Sometimes the atmosphere in Boggel’s Place is upbeat and frivolous. Not always. There are times when the ghosts of the past join the group at Boggel’s counter, to remind the customers if the price they had paid for the privilege. The war, the struggle of the oppressed masses, the mad propaganda justifying murder and mayhem, the injustices preached by the media and churches alike…the list goes on and on. Somehow, everybody in the country can look back at history with sadness. Was it really necessary for so many young men to lay down their lives? Why did we allow politics to divide the country so? And yet – despite the knowledge of the past – aren’t we hard at work repeating all the same mistakes?.

That’s when Vetfaan remembers the animals during the Border War, knowing they, at least, survived because they cared. The thought always gives him hope.

1328929_140116135753_Birthday_3237PS: These animal events and encounters are based on fact. Pieter Pieterse witnessed and described them (in a different context and style) in his beautiful book: Winterwerf in die Kavango, published by Tafelberg in 1989. The book is out of print now, but if you can lay hands on one, it’s well-worth reading. I hereby acknowledge his valuable contribution to Afrikaans literature and so wish I could swap stories with him. Sadly, he was brutally murdered in 2002 – yet another victim to the endemic violence so prevalent in our beautiful country..

Waterloo in the Kalahari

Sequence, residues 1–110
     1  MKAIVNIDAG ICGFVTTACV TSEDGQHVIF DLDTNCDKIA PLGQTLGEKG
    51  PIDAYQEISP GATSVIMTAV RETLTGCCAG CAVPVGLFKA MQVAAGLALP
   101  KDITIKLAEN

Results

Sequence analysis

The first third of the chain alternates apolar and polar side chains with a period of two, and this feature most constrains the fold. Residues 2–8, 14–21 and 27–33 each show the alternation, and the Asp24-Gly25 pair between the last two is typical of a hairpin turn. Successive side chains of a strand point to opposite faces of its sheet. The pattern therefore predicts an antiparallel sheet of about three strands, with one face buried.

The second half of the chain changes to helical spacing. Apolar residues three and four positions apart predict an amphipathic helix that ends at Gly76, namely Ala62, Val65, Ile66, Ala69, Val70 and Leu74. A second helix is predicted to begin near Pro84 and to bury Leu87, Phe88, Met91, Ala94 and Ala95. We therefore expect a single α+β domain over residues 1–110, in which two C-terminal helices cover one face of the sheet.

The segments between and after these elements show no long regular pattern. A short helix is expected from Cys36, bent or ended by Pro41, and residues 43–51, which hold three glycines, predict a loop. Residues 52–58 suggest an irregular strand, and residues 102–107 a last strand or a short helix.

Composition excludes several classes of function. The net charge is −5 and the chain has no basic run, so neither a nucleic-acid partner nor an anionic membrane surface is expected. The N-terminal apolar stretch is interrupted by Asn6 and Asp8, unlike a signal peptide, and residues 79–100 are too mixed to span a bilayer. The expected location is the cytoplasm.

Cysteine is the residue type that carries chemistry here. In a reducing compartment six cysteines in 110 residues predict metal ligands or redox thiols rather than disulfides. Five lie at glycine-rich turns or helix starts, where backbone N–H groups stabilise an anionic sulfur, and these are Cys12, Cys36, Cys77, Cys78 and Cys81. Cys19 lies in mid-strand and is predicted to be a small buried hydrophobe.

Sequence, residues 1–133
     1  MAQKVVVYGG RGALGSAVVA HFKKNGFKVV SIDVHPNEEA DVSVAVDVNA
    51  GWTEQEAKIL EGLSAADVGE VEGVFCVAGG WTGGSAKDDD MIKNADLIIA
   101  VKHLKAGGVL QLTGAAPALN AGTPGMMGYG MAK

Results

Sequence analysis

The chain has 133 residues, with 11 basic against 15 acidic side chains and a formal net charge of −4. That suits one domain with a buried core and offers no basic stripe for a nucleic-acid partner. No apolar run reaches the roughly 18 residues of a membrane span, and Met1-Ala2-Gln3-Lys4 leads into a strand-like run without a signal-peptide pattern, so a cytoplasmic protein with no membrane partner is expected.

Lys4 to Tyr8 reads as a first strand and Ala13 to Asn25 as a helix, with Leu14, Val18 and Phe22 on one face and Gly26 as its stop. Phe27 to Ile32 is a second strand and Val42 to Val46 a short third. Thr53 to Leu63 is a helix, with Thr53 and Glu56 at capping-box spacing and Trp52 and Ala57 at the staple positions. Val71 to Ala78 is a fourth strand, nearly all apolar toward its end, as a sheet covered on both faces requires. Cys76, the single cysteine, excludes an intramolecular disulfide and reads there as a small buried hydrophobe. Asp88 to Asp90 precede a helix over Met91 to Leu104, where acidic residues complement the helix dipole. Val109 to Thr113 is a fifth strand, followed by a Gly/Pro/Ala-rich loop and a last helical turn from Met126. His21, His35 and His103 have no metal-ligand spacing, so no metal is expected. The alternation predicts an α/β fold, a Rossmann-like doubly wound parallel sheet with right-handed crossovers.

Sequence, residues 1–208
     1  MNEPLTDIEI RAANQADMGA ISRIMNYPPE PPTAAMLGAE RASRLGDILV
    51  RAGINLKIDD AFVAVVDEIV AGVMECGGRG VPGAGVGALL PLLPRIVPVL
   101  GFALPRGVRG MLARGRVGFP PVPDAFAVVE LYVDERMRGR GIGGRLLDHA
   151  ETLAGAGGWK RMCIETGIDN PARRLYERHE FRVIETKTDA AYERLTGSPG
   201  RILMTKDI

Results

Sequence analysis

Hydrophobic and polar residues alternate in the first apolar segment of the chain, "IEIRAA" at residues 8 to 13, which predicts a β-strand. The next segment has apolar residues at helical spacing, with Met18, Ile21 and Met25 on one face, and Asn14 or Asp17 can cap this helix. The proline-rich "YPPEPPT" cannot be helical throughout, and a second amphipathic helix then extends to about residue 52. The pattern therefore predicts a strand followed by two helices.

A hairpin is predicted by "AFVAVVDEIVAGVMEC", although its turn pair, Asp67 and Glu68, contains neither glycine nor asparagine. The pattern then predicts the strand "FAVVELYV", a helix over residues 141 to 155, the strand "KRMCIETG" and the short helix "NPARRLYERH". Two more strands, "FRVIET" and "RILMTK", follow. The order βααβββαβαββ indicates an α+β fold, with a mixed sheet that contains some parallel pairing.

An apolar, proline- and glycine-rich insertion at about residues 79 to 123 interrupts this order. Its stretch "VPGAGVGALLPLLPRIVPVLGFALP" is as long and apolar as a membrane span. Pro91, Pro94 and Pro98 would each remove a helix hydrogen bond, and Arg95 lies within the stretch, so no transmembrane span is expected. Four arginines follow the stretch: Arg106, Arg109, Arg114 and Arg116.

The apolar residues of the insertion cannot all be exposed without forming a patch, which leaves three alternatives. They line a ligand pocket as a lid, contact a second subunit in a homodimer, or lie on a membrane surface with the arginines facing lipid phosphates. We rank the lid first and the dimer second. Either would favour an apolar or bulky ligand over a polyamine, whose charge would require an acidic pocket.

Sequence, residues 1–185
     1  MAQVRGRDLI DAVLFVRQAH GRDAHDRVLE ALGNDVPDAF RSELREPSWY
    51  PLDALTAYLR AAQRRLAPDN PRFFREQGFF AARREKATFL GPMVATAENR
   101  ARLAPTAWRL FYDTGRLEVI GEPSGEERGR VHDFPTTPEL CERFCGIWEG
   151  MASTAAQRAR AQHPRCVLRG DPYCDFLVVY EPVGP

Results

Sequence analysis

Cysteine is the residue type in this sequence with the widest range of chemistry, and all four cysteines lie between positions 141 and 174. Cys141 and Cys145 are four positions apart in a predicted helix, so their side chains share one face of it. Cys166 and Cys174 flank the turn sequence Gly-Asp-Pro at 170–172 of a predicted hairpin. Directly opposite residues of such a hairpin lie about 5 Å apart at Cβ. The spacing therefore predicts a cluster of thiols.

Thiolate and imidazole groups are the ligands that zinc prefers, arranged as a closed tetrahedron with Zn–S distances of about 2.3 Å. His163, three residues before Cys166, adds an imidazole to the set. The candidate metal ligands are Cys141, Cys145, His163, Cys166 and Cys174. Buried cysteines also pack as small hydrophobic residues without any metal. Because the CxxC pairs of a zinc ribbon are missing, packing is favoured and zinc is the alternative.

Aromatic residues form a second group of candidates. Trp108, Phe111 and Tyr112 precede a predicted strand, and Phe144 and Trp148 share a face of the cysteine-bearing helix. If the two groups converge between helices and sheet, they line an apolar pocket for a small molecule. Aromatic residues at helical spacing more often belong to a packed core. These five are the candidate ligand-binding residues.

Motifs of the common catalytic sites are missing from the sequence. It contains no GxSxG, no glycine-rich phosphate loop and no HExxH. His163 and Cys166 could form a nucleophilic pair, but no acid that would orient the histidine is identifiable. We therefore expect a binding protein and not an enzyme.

train 3 leaving station close“Those were the days,” Vetfaan says when Kleinpiet reminds him of their time in the army. “The best part was when you got a pass to spend time with your family. Those train rides back home were quite a bit of fun. At every station we had to get off to buy more beer…”

He smiles at the thought: a thin, almost sardonic smile, as he remembers the stop at Mariental, on his way back to South Africa.


Two weeks! After a particularly hectic period of fighting, Vetfaan’s platoon were rewarded by some much-needed time off. He naturally didn’t want to spend that time in Rundu or Grootfontein and headed southwards, homewards, to his parent’s farm in the Kalahari. If there was one thing he needed now, it was the silence of the dunes. No pill, no psychologist can restore a broken spirit as fast and as well as the quiet hours amongst those magnificent sandy mountains.

There were quite a few soldiers on that train, all of them heading home, which resulted in a party of note while they progressed through the arid wastelands of South West Africa. Windhoek came and went. So did Rehoboth and Kalkrand. By the time they pulled in to Mariental, they’d discussed cars, booze, ABBA (that decadent new band with those girls) and how strange it’d be to wear something else than browns again. They told jokes, laughing again and again at the one that was told fifty miles before.

And they drank. Alcohol took away the memories of blood and vomit; dimmed the thoughts of broken limbs and gaping wounds. And the more they drank, the more they tried to forget the friends that would never share a drink with them again. And, like it sometimes happens during war times, their party petered out into a drawn-out silence – a wake for those who were less fortunate.

At Mariental it was Vetfaan’s turn to get a fresh supply of beers. He was glad to escape the gloomy atmosphere in the compartment and wandered into town. It was a Saturday, and a kindly old gentleman directed him to the bottle store at the end of the street. Ten minutes later he staggered back to the station, carrying the two crates of beer.

And watched in dismay as the train pulled out of the station, heading towards Keetmanshoop.


“I had to do something. My mates were on that train and I had the beer. I was sure they wouldn’t miss me so much, but the beer…now that was a catastrophe! That’s when I decided to hike to Keetmanshoop in the hope of catching the train there again.”